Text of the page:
5. Ethical Principles, Benefits and Issues of AI

April 8, 2022 lectured and written by Dr. Merve Ayyüce KIZRAK

“It is change, continuing change, inevitable change, that is the dominant factor in society today. No sensible decision can be made any longer without taking into account not only the world as it is, but the world as it will be.” — Isaac Asimov

This week, we held our class face-to-face at Bahçeşehir University Beşiktaş Campus. It was great meeting 40 very bright students. We have recapped the past 4 weeks. After remembering the definitions, concepts, and use-cases, we played a game to remember all the information easily. Thereupon, we identified the benefits of ethical principles and the issues we faced, which is the topic of this week. Then, we discussed AI in the Court of Law, one of the Unesco AI Ethical Dilemmas, in the midterm.

In this lecture, we discussed and continue to discuss the ethical issues posed by the development, deployment, and use of AI. Let's start with a review of the ethical benefits of AI.

Ethical Benefits of AI

When we talk about AI and ethics, we often encounter bad moral examples. However, there are also benefits that AI promises. As mentioned in many policy and strategy documents, it is expected to have economic benefits due to its positive effect on productivity and efficiency. It is foreseen that society will lead a better life and increase their welfare. The EU's High-Level Expert Group on Artificial Intelligence makes this very clear when it states:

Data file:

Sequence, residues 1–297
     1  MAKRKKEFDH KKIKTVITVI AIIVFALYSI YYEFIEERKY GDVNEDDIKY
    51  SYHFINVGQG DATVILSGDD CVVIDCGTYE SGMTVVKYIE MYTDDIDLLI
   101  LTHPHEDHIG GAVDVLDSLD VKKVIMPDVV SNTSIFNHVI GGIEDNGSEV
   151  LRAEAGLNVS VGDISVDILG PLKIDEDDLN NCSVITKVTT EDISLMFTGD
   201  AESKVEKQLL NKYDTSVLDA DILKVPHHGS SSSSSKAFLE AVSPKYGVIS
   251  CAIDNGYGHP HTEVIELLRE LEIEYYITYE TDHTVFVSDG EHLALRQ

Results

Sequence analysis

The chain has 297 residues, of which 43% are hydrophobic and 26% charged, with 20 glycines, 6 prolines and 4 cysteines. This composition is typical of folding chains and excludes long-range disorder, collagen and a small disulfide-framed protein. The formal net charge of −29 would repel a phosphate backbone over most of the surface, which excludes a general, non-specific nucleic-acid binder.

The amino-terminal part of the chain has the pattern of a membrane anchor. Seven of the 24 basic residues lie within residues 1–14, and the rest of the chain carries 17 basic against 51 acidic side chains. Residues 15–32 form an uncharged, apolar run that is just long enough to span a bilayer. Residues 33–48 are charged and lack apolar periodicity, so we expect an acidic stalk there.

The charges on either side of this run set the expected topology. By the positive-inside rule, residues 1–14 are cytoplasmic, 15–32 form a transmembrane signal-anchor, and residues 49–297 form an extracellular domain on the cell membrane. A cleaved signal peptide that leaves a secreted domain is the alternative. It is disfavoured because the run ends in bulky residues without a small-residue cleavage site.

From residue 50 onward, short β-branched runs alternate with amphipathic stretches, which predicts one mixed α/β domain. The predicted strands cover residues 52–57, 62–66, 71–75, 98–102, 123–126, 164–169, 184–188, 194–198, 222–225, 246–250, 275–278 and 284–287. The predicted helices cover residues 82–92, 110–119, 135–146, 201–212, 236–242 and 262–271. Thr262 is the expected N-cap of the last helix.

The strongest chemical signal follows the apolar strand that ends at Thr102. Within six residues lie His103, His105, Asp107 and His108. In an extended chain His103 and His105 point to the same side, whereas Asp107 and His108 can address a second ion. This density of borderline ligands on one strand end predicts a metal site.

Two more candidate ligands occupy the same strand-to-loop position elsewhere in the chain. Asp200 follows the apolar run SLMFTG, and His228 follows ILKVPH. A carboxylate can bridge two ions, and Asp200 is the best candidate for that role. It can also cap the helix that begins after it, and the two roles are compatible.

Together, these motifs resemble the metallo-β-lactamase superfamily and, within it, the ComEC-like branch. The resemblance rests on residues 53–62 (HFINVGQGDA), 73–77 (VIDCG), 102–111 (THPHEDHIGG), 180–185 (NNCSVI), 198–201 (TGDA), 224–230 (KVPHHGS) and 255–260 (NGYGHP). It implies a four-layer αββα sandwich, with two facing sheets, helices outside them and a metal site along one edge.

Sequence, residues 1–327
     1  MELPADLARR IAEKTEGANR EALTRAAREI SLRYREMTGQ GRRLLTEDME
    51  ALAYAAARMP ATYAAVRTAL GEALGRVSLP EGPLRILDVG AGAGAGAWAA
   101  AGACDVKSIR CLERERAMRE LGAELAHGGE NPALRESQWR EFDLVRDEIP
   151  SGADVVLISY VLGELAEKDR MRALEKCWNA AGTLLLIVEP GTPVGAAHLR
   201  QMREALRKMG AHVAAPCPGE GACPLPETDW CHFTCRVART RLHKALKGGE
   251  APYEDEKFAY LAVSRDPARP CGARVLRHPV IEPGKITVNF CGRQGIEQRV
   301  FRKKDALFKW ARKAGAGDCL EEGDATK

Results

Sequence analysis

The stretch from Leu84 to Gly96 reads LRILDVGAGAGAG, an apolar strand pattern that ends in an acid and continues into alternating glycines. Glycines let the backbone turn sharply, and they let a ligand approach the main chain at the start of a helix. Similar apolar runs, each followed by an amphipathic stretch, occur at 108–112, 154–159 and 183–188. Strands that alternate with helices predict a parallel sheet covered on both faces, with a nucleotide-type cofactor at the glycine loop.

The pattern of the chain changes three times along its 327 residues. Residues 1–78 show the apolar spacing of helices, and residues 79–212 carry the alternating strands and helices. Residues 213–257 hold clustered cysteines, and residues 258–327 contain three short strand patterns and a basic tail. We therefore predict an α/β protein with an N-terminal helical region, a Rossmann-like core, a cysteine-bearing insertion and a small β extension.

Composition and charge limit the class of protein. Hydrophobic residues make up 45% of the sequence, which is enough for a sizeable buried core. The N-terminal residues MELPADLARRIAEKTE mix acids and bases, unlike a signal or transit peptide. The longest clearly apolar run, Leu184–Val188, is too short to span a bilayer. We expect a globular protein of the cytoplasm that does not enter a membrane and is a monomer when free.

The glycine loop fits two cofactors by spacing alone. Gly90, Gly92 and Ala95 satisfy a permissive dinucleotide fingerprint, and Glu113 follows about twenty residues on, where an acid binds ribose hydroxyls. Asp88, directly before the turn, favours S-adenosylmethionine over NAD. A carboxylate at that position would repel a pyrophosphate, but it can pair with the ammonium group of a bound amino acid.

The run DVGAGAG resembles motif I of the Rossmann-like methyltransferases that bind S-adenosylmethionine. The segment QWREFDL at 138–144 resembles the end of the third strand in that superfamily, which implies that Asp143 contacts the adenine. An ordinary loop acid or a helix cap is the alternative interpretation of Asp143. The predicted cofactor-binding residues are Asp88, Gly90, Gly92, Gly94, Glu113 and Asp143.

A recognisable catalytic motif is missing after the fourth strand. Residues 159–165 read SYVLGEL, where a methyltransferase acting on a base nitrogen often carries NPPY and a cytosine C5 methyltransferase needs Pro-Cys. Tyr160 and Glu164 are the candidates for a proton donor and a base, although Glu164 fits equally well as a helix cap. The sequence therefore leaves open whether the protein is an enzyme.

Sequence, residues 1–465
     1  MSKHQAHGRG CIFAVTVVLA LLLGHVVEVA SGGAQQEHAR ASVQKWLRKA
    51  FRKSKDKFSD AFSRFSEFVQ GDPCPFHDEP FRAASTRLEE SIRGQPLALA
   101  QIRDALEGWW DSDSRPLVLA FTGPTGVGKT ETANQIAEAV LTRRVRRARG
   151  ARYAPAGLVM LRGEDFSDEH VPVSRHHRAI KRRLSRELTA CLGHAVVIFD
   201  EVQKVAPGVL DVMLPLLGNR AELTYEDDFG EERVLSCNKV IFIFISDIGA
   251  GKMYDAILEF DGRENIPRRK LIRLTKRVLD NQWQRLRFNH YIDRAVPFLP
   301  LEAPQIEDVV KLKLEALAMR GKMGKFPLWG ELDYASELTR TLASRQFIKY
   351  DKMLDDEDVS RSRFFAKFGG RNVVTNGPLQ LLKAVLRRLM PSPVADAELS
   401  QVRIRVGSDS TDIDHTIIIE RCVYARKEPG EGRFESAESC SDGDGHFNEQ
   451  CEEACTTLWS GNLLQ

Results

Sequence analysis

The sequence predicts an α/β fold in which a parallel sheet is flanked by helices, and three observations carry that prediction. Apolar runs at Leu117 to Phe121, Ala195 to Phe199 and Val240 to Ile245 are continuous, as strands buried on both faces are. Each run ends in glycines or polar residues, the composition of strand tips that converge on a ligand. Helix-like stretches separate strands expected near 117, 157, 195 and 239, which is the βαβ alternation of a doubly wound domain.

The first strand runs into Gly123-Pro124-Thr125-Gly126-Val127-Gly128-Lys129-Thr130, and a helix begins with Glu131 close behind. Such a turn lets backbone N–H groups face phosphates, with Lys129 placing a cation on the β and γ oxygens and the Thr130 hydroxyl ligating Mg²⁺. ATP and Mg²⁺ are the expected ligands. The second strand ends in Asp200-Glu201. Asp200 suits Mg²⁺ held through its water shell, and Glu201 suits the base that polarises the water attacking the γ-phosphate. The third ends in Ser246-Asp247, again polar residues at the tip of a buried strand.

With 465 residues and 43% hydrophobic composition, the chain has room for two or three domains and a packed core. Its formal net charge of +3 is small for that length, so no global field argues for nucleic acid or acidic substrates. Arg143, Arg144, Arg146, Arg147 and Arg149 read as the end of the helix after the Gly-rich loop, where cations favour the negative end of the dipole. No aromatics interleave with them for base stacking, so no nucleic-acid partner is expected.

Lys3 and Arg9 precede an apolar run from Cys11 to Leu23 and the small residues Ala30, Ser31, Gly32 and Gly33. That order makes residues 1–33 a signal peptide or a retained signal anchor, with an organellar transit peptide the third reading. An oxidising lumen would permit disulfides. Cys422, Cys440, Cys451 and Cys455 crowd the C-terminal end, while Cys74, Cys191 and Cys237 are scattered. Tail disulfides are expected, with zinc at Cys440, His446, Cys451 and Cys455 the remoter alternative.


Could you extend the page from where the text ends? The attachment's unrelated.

"AI is not an end in itself, but a promising tool to increase the development of more people, thereby improving individual and societal well-being and the common good, bringing progress and innovation."

When we consider the field of AI, we cannot ignore the technical capabilities it offers us. The International Center for Risk Management highlights the ability of AI to process and analyze great amounts of data quickly and simply. Its prominent advantages are that it learns the patterns in these data, connects them, and makes new discoveries. In addition, AI can be more consistent than humans and adapt to changing inputs. In this way, we can say that AI helps people in the sector in which they are technically applied.

Ethical benefits that emerge as an effect of AI's technical capabilities can also be listed. These studies, often presented under the heading "AI for Good", have spawned numerous attempts to identify shared ethical values or goods such as benevolence, safety, achievement, and self-management.

Two different approaches can be observed towards identifying the ethical values ​​that AI must promote in order to be considered AI for Good: substantive goods and procedures for achieving them. The UN's Sustainable Development Goals and 17 comprehensive sets of goals have been described as "the world's best plan for building a better world for people and our planet". SDGs are interesting from an AI ethics perspective because they can be understood as the closest thing to human consensus for moral purposes. That is why it has been accepted by the UN and most member states. Moreover, they are not only promising but also measurable with indicators. Therefore, one of the most visible initiatives by the UN's International Telecommunication Union to promote AI for Good, one of the titles of the AI ​​for Good Global Summit series is “Accelerating the UN SDG”.